Mudpuppy

Profile

The mudpuppy is a somewhat large salamander living in mid-eastern North America. Like the axolotl, this animal is neotenic, meaning they stay in their larval stage their whole life. Amphibian larvae have gills, so adult mudpuppies have gills as well. They also grow lungs to help them with breathing.

In the picture above, which is somewhat grainy, you should be able to see the mudpuppy’s gills right in front of its front legs. The size of the gills varies based on the habitat the mudpuppy lives in. When their habitat has less oxygen, the gills will be larger so they can get the oxygen they need. When the habitat has more oxygen, the gills will be smaller, as they can get the oxygen they need more easily.

These creatures are typically a grayish-brown color with an abundance of speckles. The exact color of the body varies. Some mudpuppies are mostly gray or mostly brown while others are almost completely black! Different mudpuppies also have different amounts of spots. Some have very few while others have so many that they blend together to form stripes! The underside is gray or light brown and is sometimes spotted, but not always.

Mudpuppy is an interesting name for an animal that isn’t a dog, much less a mammal. There are two different ideas of how these salamanders got their name. The first one is due to their gills. Evidently some people think their gills look like dog ears, and that could be where they got part of their name. The other possible explanation is that some people believe this salamander makes a noise like a barking dog. This belief is false, but it could have been enough to get these creatures named after dogs.

Size

Mudpuppies are larger than most salamanders you’re probably used to seeing. Even the smallest adults are about 8 inches (20 cm) long while the larger ones can be 13 inches (33 cm). The largest mudpuppies can be up to 18 inches (45 cm) long! Though this is quite large, it doesn’t give these salamanders the title of largest North American salamander. That title belongs to the hellbender.

Diet

These salamanders have a diverse diet that includes most animals living in or around streams. They will eat a wide variety of insects as well as fish, frogs, worms, fish and frog eggs, and even other salamanders. Sometimes they will even eat carrion. Probably the biggest part of this salamander’s diet is crayfish, which make a great food for salamanders to snack on.

Habitat and range

Mudpuppies live in the eastern United States and Canada. Their range extends as far south as northern Georgia, Alabama, Mississippi, and Louisiana, as far west as Oklahoma, and as far north as the southern part of Canada.

These salamanders are completely aquatic. They will inhabit almost any areas of fresh water, including ponds, lakes, streams, canals, and rivers. Deep water doesn’t bother them. They have been known to live as deep as 100 feet (30.5 m) below the surface! As you can tell by their name, mudpuppies are not opposed to getting dirty either.

Status and threats

These salamanders are classified as Least Concern on the IUCN Redlist.  Despite their large size, mudpuppies have several predators. Different water birds, such as herons, will eat these salamanders, as well as water snakes, turtles, some mammals, and large fish.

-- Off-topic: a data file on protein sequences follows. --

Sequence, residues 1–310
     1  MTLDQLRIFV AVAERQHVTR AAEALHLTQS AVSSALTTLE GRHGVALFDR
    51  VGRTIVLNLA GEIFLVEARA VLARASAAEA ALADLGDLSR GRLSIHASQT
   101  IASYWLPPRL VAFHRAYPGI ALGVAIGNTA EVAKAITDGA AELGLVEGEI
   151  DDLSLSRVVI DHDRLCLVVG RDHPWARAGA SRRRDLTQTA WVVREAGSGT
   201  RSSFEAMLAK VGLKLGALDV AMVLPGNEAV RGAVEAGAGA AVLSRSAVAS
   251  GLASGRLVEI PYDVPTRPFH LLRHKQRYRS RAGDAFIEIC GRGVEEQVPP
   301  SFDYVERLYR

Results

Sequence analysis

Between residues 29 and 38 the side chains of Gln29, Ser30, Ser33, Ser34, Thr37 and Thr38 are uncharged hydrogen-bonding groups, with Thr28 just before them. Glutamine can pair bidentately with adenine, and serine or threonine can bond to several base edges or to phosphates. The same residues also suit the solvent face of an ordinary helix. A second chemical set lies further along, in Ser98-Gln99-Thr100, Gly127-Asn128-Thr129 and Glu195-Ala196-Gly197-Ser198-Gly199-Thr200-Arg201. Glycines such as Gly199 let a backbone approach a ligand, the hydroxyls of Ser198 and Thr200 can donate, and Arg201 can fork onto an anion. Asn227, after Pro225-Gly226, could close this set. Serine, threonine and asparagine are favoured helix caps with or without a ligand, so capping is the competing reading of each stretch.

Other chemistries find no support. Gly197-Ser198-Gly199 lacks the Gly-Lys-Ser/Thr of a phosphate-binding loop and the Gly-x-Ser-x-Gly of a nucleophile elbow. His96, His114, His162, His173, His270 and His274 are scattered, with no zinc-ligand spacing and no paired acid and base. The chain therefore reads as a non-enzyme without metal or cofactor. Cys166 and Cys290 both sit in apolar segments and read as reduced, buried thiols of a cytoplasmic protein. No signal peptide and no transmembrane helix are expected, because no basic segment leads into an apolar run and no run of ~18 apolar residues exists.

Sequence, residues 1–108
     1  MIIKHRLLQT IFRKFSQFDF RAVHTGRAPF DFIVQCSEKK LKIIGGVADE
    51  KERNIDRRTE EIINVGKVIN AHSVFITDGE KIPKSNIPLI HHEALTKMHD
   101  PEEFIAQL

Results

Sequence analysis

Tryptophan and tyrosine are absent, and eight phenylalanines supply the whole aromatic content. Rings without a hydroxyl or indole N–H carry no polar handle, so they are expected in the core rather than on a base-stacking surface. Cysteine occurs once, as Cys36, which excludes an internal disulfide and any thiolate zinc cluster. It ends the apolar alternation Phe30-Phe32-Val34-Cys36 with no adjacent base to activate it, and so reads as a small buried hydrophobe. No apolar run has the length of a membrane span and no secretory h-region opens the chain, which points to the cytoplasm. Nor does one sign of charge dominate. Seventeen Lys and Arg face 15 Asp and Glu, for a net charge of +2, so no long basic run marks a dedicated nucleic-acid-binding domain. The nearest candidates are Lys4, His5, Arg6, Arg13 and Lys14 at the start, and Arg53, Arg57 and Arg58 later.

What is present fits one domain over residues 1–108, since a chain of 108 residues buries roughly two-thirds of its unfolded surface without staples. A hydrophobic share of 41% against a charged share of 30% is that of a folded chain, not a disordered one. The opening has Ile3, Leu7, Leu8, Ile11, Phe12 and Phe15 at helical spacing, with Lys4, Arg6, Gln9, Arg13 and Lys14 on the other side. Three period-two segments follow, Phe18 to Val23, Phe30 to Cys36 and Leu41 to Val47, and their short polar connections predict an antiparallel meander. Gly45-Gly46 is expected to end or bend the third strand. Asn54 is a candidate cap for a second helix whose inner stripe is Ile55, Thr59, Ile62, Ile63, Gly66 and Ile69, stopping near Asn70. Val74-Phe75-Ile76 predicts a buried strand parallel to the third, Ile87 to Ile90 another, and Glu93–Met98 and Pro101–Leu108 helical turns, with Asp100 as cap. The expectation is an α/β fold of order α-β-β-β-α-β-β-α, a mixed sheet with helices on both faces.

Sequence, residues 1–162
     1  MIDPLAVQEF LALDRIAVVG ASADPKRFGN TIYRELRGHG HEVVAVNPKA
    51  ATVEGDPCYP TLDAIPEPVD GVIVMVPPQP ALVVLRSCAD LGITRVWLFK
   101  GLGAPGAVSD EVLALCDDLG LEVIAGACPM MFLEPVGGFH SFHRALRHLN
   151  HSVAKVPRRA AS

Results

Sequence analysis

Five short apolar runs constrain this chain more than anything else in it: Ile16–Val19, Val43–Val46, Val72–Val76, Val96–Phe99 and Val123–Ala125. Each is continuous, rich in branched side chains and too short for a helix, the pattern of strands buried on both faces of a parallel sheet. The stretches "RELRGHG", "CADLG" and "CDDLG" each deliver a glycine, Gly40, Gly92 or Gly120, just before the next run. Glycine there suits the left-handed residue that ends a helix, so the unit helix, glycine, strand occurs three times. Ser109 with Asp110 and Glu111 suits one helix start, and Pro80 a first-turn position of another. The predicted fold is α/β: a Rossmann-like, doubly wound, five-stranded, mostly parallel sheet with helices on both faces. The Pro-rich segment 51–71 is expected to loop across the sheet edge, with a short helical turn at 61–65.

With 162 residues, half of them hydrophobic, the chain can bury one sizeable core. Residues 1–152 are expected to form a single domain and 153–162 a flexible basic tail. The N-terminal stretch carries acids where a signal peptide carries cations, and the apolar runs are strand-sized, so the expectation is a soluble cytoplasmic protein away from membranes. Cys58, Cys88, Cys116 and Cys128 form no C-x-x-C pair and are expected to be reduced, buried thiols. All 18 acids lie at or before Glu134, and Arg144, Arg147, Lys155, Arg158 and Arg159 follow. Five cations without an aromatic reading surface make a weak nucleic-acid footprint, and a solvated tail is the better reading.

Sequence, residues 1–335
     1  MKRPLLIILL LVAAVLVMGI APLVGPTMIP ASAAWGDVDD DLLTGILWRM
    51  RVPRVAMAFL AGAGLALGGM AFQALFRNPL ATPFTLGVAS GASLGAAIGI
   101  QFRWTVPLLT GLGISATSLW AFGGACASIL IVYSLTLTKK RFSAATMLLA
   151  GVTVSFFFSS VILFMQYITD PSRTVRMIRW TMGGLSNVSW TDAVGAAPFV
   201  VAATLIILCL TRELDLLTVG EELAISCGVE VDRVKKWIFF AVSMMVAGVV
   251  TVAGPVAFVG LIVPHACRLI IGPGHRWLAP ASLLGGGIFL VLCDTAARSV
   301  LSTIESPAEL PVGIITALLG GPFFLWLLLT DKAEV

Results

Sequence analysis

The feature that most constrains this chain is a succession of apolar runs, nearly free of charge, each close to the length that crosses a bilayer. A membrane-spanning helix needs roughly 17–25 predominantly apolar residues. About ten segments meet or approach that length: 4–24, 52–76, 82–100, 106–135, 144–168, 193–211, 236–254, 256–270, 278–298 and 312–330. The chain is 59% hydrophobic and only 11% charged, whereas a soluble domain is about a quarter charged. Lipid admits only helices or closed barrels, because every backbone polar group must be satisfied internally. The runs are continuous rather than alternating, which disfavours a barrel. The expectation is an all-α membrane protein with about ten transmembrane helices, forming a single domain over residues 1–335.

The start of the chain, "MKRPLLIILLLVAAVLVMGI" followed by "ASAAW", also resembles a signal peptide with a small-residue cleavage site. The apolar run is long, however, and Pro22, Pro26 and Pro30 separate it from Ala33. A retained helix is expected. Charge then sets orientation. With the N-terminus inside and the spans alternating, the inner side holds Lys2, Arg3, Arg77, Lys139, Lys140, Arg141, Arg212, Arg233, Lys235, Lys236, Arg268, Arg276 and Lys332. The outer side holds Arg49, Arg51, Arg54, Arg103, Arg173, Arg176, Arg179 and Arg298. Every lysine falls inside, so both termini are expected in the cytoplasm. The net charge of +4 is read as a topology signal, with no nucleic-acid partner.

The biggest non-natural threats they face is pollution. Sometimes people will accidentally catch mudpuppies while they are fishing. Many people will just cut the line and let the mudpuppy go with the hook still in its mouth just so they don’t have to touch the slimy animal. This is better than killing it or leaving it to die, but it doesn’t give the mudpuppy a pleasant life with a hook in its mouth.

Reproduction and development

Mudpuppy mating season occurs in the fall. The male will go find a suitable female in a sheltered area in the water and start swimming/crawling around her before mating.

Despite mating in the fall, the female will not actually lay her eggs until the spring, between April and June. She will lay the eggs in shallow, slow-moving water and attach them to the underside of rocks or logs. She can lay between 40 and 150 eggs each year. Like other amphibian eggs, mudpuppy eggs are small, spherical, and jelly-like. They are about 0.25 inches (6 mm) in diameter, about the size of a pea.

The female will guard the eggs for the next one to two months, which is when they hatch.  Although the eggs are small, the young salamanders are about an inch long (2.5 cm) when they hatch. Over the next four to six years, the young mudpuppies grow to the size of eight inches (20 cm). Although they are not full size yet, they are ready to mate.

Unlike most other amphibians, the mudpuppy will spend its entire life in the water. They do undergo metamorphosis and grow lungs, but the lungs are so small that they can’t support the salamander on their own. Instead, mudpuppies keep their gills their whole life and must stay in the water in order to breath and stay alive. These incredible salamanders can live up to 20 years in the wild.

Since I’m going on vacation next week, I won’t be posting an article about an animal. Instead, I will try to post some pictures and information on my Facebook page about animals I see on vacation!

Sources:

Photo credits:

  • Mudpuppy – Public Domain
%d bloggers like this: